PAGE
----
How can you boost confidence in your kids? And is it necessary? After all, your kids may say they don't care about how they look or whether they make the sports team or the school play. But the odds are, they do. Educational psychologist Michele Borba, author of The Big Book of Parenting Solutions and the mother of three sons in their 20s, talks with Family Goes Strong about small ways to increase your sons' and daughters' self-esteem. Excerpts:
How can parents stay positive for their kids?
Words do matter. Watch your child. Is there one little quality that's sitting there, dormant? It could be that she has a great sense of humor, or she is kind, or she's got an incredible memory for details. Start acknowledging it. Don't put it into a federal address. It's simple repeated nuggets. "Wow, did you notice how your friend laughed at your jokes?" Add the word "because" to your praise. It takes it up a notch. Keep repeating it for around 21 days. Usually around the 21<sup>st</sup> day, the kid will come up and say, "You've got to put this on the refrigerator. You know how artistic I am." If you only say it once, it only works for a kid who has high self-esteem. The kid who has low self-esteem isn't aware of it or denies the trait. He's so focused on awkwardness.
How do parents make sure they only try to boost their kids' self-esteem with true statements? You don't want to say, "You're such a great pitcher," when the child can barely throw a ball across the plate, right?
Whatever you praise needs to be earned and deserved, or it will backfire. Too lavish and too sugar-coated doesn't work either. Find your child's natural talent. Figure out what your child's passion is. Many times a talent or strength is going to be different from academics.
How should parents handle low grades, which would seem to lower self-esteem?
You use it as a teachable moment. You don't deny it by going. "You're so smart." Say, "I noticed your grade is really low here." Start brainstorming. Say, "What do you think you could do or we could do?" What the child needs to do is not be derailed by it. Let's go have a conference with the teacher. Let's look at the last test. Let's look at something that will help you study better. Very often he's not focusing in on what he should be studying. All of the research says you also praise the child's effort. Emphasize, "You're hanging in there. I know this is hard." If you praise always the data, the end product, it backfires.
What if your child wanted to make a sports team or the school play and didn't?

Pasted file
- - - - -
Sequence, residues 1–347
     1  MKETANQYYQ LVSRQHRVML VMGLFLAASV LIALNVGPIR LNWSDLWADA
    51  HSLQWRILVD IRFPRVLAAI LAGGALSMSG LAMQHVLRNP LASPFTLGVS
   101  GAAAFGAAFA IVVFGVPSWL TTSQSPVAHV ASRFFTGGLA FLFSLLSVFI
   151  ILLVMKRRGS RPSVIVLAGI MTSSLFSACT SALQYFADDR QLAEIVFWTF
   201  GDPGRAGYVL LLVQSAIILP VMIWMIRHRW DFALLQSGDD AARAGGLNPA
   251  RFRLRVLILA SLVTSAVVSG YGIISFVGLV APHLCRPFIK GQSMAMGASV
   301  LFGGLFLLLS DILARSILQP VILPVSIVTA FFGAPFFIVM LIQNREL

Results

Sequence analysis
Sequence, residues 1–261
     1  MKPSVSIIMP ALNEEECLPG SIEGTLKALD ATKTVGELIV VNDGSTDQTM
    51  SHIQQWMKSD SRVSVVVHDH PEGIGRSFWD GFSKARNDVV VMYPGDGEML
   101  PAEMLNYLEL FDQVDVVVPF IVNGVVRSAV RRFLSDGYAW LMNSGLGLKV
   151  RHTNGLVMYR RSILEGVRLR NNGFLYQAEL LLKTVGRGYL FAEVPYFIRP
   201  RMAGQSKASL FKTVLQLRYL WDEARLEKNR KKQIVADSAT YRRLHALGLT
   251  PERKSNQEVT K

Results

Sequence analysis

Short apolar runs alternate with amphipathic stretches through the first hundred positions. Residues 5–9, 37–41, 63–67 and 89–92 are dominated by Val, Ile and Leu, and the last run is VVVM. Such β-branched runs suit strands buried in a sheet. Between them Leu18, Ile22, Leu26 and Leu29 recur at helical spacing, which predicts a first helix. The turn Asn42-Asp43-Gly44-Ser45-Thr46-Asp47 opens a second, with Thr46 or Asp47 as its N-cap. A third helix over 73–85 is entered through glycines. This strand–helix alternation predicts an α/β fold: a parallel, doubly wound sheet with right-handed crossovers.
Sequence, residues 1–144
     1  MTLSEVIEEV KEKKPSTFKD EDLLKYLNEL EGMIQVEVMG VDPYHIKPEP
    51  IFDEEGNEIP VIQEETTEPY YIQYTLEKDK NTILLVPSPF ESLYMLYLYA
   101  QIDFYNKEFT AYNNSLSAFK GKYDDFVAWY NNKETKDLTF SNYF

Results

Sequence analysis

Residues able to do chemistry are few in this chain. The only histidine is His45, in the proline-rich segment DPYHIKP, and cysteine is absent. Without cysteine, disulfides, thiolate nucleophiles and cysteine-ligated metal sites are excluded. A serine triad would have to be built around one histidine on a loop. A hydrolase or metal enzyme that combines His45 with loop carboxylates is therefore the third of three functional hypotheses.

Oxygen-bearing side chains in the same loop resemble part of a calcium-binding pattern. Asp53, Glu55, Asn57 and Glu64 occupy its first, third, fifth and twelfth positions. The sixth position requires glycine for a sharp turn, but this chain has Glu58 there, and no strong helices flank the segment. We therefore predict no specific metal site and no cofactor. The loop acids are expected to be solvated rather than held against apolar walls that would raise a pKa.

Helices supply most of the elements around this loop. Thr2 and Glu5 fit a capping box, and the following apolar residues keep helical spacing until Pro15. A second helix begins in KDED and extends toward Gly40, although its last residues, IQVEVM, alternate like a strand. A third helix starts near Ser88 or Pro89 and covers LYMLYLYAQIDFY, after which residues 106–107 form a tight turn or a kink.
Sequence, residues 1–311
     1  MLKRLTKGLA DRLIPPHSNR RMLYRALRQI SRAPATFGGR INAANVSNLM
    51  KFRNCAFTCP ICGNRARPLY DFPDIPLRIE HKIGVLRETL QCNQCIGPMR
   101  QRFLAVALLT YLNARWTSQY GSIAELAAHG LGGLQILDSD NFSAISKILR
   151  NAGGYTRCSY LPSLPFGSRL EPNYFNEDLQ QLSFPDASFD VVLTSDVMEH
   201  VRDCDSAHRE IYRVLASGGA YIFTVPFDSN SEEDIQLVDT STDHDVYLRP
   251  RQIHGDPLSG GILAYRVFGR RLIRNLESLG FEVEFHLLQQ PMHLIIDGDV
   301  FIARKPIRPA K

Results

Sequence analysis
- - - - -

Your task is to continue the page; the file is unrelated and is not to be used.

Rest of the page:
Is the expectation to make the soccer team realistic when he can't kick the ball? Figure out what's curtailing him from his ability to get on the sports team. You could get a mentor. If he really wants to, quietly talk to the coach. What could he do to improve? What I did was hire a high school kid who was great on the soccer field. He coached them with exactly what he needed to do. It was real specific — what could he do to improve? You really need to break it down to figure out what specific thing the child should be doing.
What about kids who feel bad because they think everyone else is dating?
The best thing that's going on with tweens and teens now is they're not dating one on one. They're going out in groups. It's an advantage. Kids learn best by seeing, not being told.
What about getting rid of glasses? [She consults for Acuvue.]
I'm a former teacher. I've had a number of kids with glasses. They don't want to wear glasses. They don't even want to look at the board with glasses. Their academic performance goes. We know that simple daily disposable contact lenses are a very easy fix for helping kids feel better about themselves. I've seen changes out on the sport field. All of the sudden they're running faster and performing better in a school classroom.
What about kids who feel self-conscious and awkward because of acne?
Sometimes what we do is wait for the kid to come to us. We need to be the one to open up the dialogue. Say, "I got you a dermatologist appointment."
Meanwhile, to boost confidence even more, share some inspirational quotes with your kids. Two of my favorites:
—"Whether you think you can or think you can't - you are right" - Henry Ford
—"No one can make you feel inferior without your consent" — Eleanor Roosevelt
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